Josh Taylor: 'Up until the adultery scene the narrative is really clear, but after finding out that Milly is unfaithful it just stops. Like it doesn't seem to go anywhere after that point.'

Harry Morley: 'I agree with Josh here, the narrative made sense until Milly's bedroom antics but then there didn't seem to be any conclusion after that.'

These comments may be due to the fact that they were not happy with an open narrative, and wanted a more definite conclusion to the story. We purposefully left the ending unresolved as it created a more ambiguous relationship between the two mimes, and in my opinion involved the audience more into actively thinking how the situation could be resolved and identifying with the characters predicament and emotions more. So, even after receiving these comments, I don't think I would change our chosen ending if I did the task again, as it pulls away from the hypodermic needle theory and gets the audience themselves more involved.

Genre Response:
This was an important question to ask as if we are aiming to target fans of indie music, with an aspiring or radical personality the video had to appeal and fit in with this genre.

Although some subjects admitted that when thinking of the indie genre they did not immediately jump to the conclusion of mimes and clowns in love, all subjects said that they felt the visuals worked well with the music cohering to Andrew Goodwin's theory on music videos. This was a relief as we thought the more entropic aspects of our video could be seen with an oppositional reading, but thankfully our feedback suggests that they all took the preferred reading. This would again be down to their cultural capital of Indie music and prior media product knowledge and their willingness to identify with some less obvious links.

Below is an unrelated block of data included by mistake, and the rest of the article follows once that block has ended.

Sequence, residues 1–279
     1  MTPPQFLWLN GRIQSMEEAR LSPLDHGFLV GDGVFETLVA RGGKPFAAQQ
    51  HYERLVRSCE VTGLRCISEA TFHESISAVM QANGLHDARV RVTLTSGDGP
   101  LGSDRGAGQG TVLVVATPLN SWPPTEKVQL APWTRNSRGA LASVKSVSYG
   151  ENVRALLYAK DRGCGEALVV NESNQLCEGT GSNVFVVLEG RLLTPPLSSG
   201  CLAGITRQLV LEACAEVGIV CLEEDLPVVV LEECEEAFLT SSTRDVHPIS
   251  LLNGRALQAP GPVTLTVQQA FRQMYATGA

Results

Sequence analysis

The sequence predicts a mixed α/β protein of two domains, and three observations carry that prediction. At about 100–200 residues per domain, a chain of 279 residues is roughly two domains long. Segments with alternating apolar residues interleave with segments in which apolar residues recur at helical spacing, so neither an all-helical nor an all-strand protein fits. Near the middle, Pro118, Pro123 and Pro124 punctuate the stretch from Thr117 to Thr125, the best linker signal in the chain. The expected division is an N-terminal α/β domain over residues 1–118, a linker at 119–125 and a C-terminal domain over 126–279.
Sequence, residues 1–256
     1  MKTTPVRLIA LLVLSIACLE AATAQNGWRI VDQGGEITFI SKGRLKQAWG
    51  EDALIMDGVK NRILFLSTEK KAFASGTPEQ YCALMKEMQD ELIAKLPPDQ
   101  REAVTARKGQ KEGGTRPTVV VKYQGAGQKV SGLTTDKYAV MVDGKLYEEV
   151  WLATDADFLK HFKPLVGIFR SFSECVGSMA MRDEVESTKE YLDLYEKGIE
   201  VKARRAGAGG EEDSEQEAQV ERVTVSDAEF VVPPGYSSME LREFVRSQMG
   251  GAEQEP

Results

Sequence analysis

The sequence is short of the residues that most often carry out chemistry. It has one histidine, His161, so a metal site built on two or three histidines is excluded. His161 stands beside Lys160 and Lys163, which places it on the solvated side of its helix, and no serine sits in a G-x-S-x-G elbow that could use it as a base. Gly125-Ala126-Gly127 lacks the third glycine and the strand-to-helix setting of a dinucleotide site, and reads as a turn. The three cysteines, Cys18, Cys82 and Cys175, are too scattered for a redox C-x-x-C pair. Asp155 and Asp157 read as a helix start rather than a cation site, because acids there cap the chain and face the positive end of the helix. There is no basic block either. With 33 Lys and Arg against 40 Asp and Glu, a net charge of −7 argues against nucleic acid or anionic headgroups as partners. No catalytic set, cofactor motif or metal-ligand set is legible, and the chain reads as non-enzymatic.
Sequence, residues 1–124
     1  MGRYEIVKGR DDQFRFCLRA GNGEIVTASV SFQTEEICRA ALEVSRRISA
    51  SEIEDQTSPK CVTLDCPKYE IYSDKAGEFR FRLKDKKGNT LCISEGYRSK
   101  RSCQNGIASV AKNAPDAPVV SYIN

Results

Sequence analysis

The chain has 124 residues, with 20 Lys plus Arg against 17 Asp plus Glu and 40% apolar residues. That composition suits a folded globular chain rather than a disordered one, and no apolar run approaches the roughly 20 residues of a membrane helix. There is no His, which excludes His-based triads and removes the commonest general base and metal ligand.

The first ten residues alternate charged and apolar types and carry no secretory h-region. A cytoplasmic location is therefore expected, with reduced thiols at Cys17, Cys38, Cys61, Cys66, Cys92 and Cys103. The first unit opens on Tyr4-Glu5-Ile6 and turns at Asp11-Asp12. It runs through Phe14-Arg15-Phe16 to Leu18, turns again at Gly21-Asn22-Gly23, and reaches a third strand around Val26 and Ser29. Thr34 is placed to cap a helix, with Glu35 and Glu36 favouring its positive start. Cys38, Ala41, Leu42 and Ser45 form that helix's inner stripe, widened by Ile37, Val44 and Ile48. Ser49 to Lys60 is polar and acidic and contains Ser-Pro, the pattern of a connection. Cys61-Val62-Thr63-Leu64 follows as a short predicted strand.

Mise-En-Scene Response:

This was an important question relating to our choices of location, props, costume and editing. We felt that if the mise-en-scene did not come across the way we envisaged it, it would lose some effectiveness of the narrative plot and house style. We aimed to create a stereotypical French feel to our video through digital effects, our mime costumes and location choices.
From every avenue of research we found this was a success:


'The mimes were brilliant- very original and entertaining idea!'
'Clearly a lot of work went into planning of costumes and make up- well done!'



Other Comments:
I asked each of my focus groups if they had any general comments- what they didn't like, what they loved, and what they weren't sure about. This was important as it could effect the audience pleasure of viewing.

In our media class feedback, we received a few negative comments on the use of French subtitles over the images. A minority of comments said they 'didn't get' the French subtitles, this could be because they lacked the cultural capital to know that subtitles are a common feature of French film, or found them out of place in our essentially English m